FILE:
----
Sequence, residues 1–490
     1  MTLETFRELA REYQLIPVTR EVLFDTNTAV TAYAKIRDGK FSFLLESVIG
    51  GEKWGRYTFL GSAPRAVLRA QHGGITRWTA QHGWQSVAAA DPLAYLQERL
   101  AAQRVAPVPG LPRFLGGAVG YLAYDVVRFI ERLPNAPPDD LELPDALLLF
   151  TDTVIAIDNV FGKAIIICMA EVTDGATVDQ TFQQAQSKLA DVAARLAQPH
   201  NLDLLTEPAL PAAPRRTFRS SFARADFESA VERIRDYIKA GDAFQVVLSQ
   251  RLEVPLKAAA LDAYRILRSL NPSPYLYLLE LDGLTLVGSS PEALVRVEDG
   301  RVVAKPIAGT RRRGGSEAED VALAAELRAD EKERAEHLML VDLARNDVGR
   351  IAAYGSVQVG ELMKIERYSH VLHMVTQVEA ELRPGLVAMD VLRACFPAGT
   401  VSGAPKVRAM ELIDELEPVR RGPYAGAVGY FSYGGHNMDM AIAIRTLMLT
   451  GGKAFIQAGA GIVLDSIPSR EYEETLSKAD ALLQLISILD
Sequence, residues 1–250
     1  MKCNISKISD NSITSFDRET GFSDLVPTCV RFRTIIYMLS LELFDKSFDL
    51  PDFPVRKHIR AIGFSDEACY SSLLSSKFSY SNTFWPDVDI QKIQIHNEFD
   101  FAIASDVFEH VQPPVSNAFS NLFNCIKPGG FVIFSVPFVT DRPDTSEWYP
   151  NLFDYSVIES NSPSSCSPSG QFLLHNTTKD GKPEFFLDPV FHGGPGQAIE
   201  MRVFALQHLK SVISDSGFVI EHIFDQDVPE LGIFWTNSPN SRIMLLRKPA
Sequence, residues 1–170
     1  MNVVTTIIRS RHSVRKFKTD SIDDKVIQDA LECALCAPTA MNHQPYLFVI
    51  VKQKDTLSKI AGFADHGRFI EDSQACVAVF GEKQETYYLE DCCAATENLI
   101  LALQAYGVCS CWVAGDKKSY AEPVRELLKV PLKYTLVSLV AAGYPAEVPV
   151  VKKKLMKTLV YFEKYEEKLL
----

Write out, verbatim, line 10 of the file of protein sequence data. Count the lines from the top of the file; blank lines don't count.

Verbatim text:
   401  VSGAPKVRAM ELIDELEPVR RGPYAGAVGY FSYGGHNMDM AIAIRTLMLT